How to Use Accessibility Mode to Add Widgets in WordPress

Are you struggling to add widgets in WordPress using the drag and drop approach? While dragging and dropping widgets in WordPress is easy for many individuals, it can be extremely challenging for others. Accessibility mode in WordPress is designed to help individuals who struggle with these actions.

Since WordPress is the largest website building platform in the world, it is important for the platform to be accessible to everyone. Unfortunately, WordPress does not do a good job of informing web developers that the mode exists.

Today, I will demonstrate how to use accessibility mode to add widgets in WordPress.

What Does Accessibility Mode Do?

By default, adding widgets in WordPress requires you to click on the widget, drag the widget to the appropriate area, and release the click. This can be extremely difficult or impossible for some individuals.

Accessibility mode eliminates this method and adds a new way to add widgets in WordPress.

While this mode is active, each widget will have an “Add” button next to them. When you press this button, you can select which widget area, sidebar, footer, etc., that the widget will be added to. This means it only takes a few clicks to add widgets instead.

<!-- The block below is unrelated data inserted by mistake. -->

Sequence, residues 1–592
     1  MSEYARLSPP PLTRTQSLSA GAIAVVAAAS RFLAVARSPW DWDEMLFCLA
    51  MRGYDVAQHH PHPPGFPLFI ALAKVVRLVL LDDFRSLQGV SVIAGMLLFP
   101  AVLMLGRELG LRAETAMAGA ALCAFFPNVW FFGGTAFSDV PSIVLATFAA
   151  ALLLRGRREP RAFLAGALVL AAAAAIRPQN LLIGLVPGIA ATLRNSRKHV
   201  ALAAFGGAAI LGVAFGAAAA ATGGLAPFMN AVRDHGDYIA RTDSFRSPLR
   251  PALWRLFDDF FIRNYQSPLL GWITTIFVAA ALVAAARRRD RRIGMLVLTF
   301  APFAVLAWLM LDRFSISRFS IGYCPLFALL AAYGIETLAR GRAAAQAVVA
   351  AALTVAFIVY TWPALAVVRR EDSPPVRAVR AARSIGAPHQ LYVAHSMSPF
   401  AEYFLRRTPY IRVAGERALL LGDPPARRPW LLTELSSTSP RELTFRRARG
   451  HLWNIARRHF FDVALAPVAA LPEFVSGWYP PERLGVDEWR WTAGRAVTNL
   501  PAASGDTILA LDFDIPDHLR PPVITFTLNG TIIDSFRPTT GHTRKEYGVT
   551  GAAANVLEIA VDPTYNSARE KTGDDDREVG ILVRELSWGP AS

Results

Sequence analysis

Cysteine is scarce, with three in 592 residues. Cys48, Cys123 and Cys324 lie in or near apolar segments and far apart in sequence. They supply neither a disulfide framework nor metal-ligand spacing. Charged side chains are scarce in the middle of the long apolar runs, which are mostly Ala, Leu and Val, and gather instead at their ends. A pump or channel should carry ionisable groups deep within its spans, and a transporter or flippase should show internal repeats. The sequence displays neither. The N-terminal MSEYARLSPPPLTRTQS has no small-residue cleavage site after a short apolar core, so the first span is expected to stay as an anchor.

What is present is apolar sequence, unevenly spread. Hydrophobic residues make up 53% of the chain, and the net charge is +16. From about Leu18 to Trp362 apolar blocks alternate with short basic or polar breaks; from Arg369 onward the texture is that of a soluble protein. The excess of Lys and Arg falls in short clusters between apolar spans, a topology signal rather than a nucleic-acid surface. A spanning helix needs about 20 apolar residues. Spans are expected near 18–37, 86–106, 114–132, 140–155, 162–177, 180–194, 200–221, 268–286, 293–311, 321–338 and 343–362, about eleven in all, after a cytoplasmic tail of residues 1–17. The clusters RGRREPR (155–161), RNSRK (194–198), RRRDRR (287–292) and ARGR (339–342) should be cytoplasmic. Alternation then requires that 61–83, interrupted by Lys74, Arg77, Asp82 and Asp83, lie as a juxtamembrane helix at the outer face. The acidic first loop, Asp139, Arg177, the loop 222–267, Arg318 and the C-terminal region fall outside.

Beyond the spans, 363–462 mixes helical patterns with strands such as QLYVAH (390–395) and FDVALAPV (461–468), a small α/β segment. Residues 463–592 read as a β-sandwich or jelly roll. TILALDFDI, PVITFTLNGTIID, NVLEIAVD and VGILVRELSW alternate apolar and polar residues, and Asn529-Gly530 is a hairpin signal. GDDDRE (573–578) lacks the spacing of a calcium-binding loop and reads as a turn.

Thus making the process more accessible to those who had difficulties with the default system.

How to Use Accessibility Mode to Add Widgets in WordPress

Step 1: Enable Accessibility Mode in WordPress

This mode is built directly into WordPress and will not require any additional plugins to use. It can be disabled at any time in the same manner with which it’s activated. When adding widgets, you can actually edit the widget when selecting where it will be placed.

This can save time if you are used to the system.

Before you can use the Accessibility mode, you need to enable it. On the left-hand admin panel, click on Appearance and select the Widgets option.

This is the widgets page, where you can add widgets to your website. It has multiple areas that you can add widgets too. These include areas like your sidebar and footer area. At the top of the page, click on the Screen Options option.

Click on the Enable accessibility mode option. You can repeat these steps to disable it.

If at any point you want to disable accessibility mode, simply repeat these steps, but click on the disable accessibility mode option. This will restore the default system.

Step 2: Use Accessibility Mode to Add Widgets in WordPress

You will now notice that an “Add” button is next to every widget. Click on an “Add” button to begin adding that widget to the appropriate area.

On this page, you will have access to the widget settings. You can set these up as you normally would. Underneath the widget settings, you will see your available widget areas. Select the widget area and the position of the widget.

Click on the “Save Widget” button when you are done changing the settings and selecting the position of the widget.

You should now see the widget in the widget area you selected. You will see an “Edit” button that you can use to change the widget settings, change the widget position, or delete the widget.